NERC: Texas, California, New England Could Face Reliability Issues This Summer

Planning reserve margins in California and Texas will be "tight" this summer, and New England generators could face uncertain supplies of liquefied natural gas (LNG), the North American Electric Reliability Corporation’s (NERC’s) newly released 2012 Summer Reliability Assessment finds.

The 195-page assessment forecasts that between June 1 and Sept. 30, a majority of NERC’s assessment areas will have sufficient resources to meet summer peak demands. However, the Electric Reliability Council of Texas (ERCOT), the grid operator that serves about 85% of Texas, shows planning reserve margins of 13.5%, below NERC’s reference margin level of 13.75%. And in California, planning reserve margins of 15.2% are barely above NERC reference margin levels by 0.1% for the summer.

"Insufficient reserves during peak hours could lead to an increased risk of entering emergency operating conditions, including the possibility of curtailment of interruptible loads and even rotating outages of firm loads," said the international regulatory authority established to evaluate the reliability of the North America bulk power system.

California’s capacity resources took a hit when the San Onofre Nuclear Generating Station (SONGS) Units 2 and 3—a total of 2,150 MW—was indefinitely taken offline earlier this year due to premature wear in the units’ steam tubes. "The unavailability of this plant and a continuation of drought conditions accompanied with a stretch of higher‐than‐average temperatures or significant generation or transmission outages, could result in the deployment of load-shedding procedures in the San Diego and Los Angeles Basins to maintain the reliability of the bulk power system," NERC said.

Both ERCOT and the California Independent System Operator (CAISO) have instituted procedures to bring mothballed units back into service—ERCOT, about 2,000 GW, and CAISO, 452 MW—and have begun accelerating the completion of transmission projects. But "in California, with 14,000 MW of expected import transfers from neighboring areas, increased reliance on transmission ties to import the required power could further stress the system," NERC cautioned. The organization pointed to the Sept. 8, 2011, event that blacked out a large swath of Southern California, parts of Arizona, and Northern Baja Mexico, and which official documents have concluded stemmed from “weaknesses” in operations planning and real-time situational awareness.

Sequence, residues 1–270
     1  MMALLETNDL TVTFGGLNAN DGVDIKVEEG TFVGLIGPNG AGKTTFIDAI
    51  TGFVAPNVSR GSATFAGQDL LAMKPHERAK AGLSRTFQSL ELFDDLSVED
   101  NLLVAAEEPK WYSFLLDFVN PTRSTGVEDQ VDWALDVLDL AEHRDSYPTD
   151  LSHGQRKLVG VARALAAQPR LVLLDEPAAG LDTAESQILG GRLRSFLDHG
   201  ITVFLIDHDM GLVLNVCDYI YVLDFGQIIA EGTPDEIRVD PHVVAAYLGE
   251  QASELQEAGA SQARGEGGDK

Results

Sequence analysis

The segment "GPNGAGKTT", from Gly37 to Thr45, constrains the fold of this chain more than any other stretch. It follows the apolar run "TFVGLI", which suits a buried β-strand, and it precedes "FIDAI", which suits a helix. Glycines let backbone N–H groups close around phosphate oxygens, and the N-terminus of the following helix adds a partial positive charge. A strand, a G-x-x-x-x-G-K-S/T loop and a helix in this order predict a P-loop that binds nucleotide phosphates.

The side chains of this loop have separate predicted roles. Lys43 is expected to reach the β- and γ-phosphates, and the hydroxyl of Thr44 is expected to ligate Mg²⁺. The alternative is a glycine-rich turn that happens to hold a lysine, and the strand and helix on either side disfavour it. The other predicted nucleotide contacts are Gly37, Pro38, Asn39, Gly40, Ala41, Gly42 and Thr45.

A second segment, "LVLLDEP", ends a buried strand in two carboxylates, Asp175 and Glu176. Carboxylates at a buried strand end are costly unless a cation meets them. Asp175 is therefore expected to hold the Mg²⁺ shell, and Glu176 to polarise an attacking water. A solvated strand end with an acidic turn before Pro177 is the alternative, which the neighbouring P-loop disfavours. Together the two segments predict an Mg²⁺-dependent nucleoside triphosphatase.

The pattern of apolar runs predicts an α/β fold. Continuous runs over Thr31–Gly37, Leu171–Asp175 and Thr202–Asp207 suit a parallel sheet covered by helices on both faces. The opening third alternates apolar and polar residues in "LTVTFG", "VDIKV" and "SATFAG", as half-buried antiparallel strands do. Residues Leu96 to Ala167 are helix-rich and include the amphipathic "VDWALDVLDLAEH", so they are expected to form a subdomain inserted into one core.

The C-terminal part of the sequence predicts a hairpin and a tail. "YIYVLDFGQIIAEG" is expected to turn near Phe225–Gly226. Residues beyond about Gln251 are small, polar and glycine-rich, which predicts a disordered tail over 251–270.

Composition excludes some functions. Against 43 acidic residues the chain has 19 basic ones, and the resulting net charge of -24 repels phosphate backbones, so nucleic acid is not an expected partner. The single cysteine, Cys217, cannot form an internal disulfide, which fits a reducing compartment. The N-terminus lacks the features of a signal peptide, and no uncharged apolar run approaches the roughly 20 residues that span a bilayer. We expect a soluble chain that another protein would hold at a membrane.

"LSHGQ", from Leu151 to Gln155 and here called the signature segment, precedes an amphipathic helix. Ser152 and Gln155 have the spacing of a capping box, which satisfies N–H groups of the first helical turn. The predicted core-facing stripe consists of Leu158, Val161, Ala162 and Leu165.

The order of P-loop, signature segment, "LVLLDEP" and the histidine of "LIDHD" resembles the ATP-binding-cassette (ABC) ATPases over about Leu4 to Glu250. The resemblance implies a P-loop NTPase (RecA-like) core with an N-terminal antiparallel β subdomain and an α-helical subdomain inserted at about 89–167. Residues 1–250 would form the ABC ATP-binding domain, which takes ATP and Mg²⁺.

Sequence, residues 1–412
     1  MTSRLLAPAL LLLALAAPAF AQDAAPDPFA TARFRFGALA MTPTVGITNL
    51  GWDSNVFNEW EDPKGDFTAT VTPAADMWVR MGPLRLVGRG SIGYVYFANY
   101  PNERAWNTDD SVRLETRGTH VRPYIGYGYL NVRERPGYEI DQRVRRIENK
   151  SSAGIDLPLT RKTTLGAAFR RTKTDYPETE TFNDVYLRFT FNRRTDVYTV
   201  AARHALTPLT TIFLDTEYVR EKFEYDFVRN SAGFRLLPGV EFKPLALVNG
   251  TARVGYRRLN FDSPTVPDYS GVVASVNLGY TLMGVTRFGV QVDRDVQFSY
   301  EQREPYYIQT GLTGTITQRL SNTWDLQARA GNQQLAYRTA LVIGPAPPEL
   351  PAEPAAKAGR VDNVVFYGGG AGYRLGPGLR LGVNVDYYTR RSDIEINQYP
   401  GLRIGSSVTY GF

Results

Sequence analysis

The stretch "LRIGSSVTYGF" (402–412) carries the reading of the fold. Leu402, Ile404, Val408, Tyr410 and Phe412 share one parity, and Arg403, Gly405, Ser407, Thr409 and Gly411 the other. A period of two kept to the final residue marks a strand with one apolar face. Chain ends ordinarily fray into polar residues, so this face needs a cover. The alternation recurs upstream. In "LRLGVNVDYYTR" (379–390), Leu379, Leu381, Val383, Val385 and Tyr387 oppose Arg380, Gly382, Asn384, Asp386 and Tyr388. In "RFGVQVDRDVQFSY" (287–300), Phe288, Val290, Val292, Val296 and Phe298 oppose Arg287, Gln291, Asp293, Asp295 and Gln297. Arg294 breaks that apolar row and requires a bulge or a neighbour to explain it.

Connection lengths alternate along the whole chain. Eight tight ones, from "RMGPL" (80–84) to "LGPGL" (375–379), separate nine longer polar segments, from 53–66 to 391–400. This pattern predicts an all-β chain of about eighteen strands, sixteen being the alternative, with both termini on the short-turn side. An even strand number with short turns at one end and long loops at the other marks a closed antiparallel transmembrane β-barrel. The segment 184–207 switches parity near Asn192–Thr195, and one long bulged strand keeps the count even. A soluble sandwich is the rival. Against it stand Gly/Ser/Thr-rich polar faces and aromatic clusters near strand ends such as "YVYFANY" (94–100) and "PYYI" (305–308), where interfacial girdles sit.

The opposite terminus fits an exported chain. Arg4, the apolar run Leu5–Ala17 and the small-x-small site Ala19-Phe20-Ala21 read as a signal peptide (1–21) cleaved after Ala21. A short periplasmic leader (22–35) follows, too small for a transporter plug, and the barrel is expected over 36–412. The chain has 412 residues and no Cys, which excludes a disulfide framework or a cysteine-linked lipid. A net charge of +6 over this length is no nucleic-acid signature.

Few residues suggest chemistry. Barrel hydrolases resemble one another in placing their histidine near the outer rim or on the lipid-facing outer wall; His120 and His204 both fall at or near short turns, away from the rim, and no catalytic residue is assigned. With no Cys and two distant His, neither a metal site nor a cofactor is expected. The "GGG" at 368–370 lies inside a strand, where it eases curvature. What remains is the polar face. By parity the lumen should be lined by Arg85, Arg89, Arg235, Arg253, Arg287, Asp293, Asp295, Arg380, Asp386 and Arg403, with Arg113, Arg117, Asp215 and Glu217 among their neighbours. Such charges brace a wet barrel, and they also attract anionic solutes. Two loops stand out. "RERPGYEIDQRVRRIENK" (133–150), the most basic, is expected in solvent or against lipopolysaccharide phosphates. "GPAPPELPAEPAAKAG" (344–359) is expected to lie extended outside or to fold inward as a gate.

Capacity resources in North America have increased by about 12,310 MW since 2011, NERC said, but most additions were centered in PJM Interconnection’s region, the SERC Reliability Corporation (SERC) region (which comprises 16 central and southeastern states), and New England. PJM showed the largest absolute growth, of about 5,018 MW, but much of the increase was tagged to the recent integration of Duke Energy Ohio/Kentucky (from MISO).

Variable generation—and specifically wind power—also significantly increased, particularly in MISO and New England. A total of 4,567 MW of nameplate wind generation has been installed since last year, reflecting a modest increase of 1,880 MW of expected capacity on-peak.

Meanwhile, total internal demand is projected to drop by 3,700 MW, about 0.4% less than last year. ERCOT and New York show the largest percentage growth, with each area forecasting about 1.7% of increased peak demand. North Dakota, South Dakota, and Minnesota show the largest relative decrease compared to 2011, of about 5.7%.

As in 2011 projections, this summer, gas-fired generation (38%) will continue to be the dominant on-peak fuel source during periods of peak demand, followed by coal (29%) and nuclear (10%) generation to cover base load.

Though fuel supply or delivery issues are not foreseen for the summer, foreign supply-chain "issues" could reduce the amount of LNG shipped to New England this summer, which could impact LNG-dependent generation in northeastern Massachusetts and the Greater Boston area. ISO-NE is developing procedures to ensure plants operated during peak periods, NERC said.

While uncertainties prevail about unit retirements, Section 316(b), and retrofit and maintenance schedules related to new environmental regulations, "no impact is expected from any pending and/or final environmental rules" this summer, NERC concluded.

"While some generator retirements have already been announced, all retirements have been accounted for and included in this assessment. Additionally, there is little uncertainty that generators would retire or derate between the time of this publication and the summer peak." NERC said it would examine the impact new rules could have in its forthcoming long-term assessment.

Sources: POWERnews, NERC